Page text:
Five reasons why the Packers can win the Super Bowl.
There are plenty of takeaways from the first half of the Green Bay Packers‘ 2020 season.
There’s one major one though: this 6-2 team is a serious Super Bowl contender.
Let’s examine why.
Relatively healthy roster
Thursday’s victory over the San Francisco 49ers was a great example of how devastating injuries can be in the NFL, and how fortunate the Packers have been to avoid any major ones. The team that trampled the Packers twice last year was barely recognizable as Jimmy Garoppolo, Nick Bosa, Raheem Mostert, George Kittle, Dee Ford, Richard Sherman, Deebo Samuel, and more were missing.
The Packers are not entirely healthy, but they have to feel good about where they are, relatively, halfway through the season. Kevin King has missed the last four games, David Bakhtiari has missed the last three, Jaire Alexander could be out for a few weeks upcoming with a concussion, and Allen Lazard still hasn’t returned from injured reserve.
But those players should all return within the next few weeks, and the team is otherwise fairly healthy heading into the second half of the season.
Stars at key spots
There’s plenty of weak spots on this team. But they also have stars at some of the most important positions, which will position them well for a playoff run.
Aaron Rodgers, David Bakhtiari, Davante Adams, and Jaire Alexander are all among the top one to five players in the league right now at their respective positions. Kenny Clark has a fair argument to that claim, too. Za’Darius Smith has lately been playing closer and closer to his game-wrecking level during 2019.
And most importantly, Matt LaFleur has firmly established himself as one of the NFL’s top play-callers and all-around head coaches.
Yes, the team has plenty of room to improve at positions such as ILB, DE, WR3, CB2 and CB3, and defensive coordinator. But overall, their stars are making plays and changing games though individual excellence at the most crucial positions in the game.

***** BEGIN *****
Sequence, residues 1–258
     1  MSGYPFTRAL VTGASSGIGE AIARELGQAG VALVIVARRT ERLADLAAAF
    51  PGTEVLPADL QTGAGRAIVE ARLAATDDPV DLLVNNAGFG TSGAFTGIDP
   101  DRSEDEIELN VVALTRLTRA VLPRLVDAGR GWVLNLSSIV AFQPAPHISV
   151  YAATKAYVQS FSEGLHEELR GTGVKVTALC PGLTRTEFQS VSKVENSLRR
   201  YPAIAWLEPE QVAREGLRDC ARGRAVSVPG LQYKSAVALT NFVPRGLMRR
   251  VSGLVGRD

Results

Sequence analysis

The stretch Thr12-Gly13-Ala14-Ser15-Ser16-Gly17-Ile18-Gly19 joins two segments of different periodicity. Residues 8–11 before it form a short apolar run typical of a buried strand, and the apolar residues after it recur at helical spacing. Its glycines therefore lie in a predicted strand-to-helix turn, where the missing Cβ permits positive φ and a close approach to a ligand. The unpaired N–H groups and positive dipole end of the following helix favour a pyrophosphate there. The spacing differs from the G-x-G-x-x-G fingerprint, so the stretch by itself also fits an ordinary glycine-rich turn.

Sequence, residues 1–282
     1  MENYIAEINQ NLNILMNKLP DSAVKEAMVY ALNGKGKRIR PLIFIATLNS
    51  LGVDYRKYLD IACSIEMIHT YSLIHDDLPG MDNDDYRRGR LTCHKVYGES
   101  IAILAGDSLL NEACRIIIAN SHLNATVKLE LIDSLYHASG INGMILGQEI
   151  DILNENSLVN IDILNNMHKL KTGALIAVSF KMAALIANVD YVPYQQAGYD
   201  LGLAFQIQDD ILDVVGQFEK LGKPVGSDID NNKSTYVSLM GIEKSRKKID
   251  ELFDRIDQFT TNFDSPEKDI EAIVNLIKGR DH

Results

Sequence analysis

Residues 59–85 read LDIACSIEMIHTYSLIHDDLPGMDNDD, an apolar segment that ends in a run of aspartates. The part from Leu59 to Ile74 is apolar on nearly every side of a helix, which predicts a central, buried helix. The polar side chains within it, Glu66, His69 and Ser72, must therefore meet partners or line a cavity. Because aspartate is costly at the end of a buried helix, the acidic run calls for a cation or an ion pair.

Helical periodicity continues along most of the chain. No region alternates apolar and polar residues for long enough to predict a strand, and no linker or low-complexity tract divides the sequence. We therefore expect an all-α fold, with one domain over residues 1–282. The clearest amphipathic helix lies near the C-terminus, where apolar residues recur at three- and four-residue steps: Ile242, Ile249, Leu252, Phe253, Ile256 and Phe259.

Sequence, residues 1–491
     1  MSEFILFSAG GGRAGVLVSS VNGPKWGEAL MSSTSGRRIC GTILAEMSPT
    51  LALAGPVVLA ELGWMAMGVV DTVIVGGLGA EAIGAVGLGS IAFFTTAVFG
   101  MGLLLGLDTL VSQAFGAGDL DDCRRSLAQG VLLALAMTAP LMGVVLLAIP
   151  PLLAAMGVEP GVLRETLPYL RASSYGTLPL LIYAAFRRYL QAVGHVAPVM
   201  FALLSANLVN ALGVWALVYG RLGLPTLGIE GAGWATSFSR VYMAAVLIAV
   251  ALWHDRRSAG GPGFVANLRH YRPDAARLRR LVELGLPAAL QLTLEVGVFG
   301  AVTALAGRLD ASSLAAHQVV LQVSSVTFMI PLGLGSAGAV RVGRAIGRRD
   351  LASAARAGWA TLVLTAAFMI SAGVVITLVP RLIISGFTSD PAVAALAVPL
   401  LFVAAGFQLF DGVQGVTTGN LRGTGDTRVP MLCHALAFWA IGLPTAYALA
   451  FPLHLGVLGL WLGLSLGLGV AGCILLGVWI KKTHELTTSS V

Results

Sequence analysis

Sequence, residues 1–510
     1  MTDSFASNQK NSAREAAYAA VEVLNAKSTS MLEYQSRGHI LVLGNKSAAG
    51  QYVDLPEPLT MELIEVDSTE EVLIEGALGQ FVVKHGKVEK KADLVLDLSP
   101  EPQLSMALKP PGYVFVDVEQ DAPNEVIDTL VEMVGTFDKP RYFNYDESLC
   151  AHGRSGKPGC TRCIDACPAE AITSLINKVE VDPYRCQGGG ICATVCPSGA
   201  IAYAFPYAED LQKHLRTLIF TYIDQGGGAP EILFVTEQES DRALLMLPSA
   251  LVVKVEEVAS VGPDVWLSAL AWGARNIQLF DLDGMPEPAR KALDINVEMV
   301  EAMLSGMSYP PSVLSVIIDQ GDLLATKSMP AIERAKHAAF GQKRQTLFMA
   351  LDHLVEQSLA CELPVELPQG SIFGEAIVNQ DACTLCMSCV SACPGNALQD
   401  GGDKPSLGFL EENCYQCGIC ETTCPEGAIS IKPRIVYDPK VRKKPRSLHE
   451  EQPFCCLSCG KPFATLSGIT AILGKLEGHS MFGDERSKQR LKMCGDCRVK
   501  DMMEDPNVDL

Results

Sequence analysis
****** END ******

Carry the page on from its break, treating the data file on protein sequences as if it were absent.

Weaknesses that can be overcome
Of course, there’s a reason this team is 6-2, rather than 8-0. Two ugly losses exposed some serious weaknesses.
The Packers’ porous run defense got them shredded in last year’s NFC Championship Game. GM Brian Gutekunst reacted by changing essentially nothing, and the results have been predictable. Dalvin Cook racked up more than 200 all-purpose yards in the Minnesota Vikings’ Week 8 victory.
Against the Tampa Bay Buccaneers, meanwhile, two consecutive Aaron Rodgers interceptions completely flipped the tide of the game, and the defense wasn’t able to make up for the offense’s mistakes.
But in today’s NFL, poor run defense can be overcome by a good offense and a solid pass defense. And Aaron Rodgers is historically good at avoiding turnovers, making a repeat of the Buccaneers’ performance unlikely.
The team of course has other vulnerabilities, but none have manifested yet that are necessarily debilitating to a Super Bowl run. If they can avoid turnovers and falling into big deficits, they’ll be in every game.
No dominant presences in NFC
This Packers team looks better than the 2019 version, thanks to a much better passing game and a defense which is only slightly worse. And the 2019 Packers only missed out on the Super Bowl because of the San Francisco 49ers, a team which was thoroughly better than them.
This year, there appears to be no such unbeatable presence. The Bucs’ defense will be challenging, but an adjusted gameplan and better performance from Rodgers should lead to a much closer contest should they meet again. A Seattle Seahawks matchup, meanwhile, would likely result in a shootout that either team could win.
The Baltimore Ravens, Kansas City Chiefs, and Pittsburgh Steelers all look like formidable opponents, but they luckily wouldn’t become relevant until the Super Bowl.
Homefield advantage remains attainable
The best way to improve your odds of winning playoff games? Play them at home after a first-round bye.
This year, only one team in each conference will receive a first-round bye. The teams that do so will have a huge advantage in the path to the Super Bowl. For the Packers, that spot is certainly achievable.
The most challenging games remaining on the Packers’ schedule are against the Tennessee Titans and Indianapolis Colts, two very beatable opponents. It seems likely that they’ll lay a dud or two down the stretch (they already lost to the 1-5 Vikings), but a 13-3 record is still within reach. That could be enough to secure the first seed in the NFC.
The Seahawks, meanwhile, still have challenging games remaining against the Buffalo Bills, Arizona Cardinals, and Los Angeles Rams. The Bucs face the New Orleans Saints, Rams, and Chiefs down the stretch. So a 7-1 second half of the season, though challenging, could result in a #1 seed and home-field advantage throughout the NFC postseason.
Of course, it’s unclear whether this season will even be finished, with rising cases of COVID-19 washing over the world and the NFL. But provided that it does, this Packers team certainly has the potential to be the Super Bowl champions.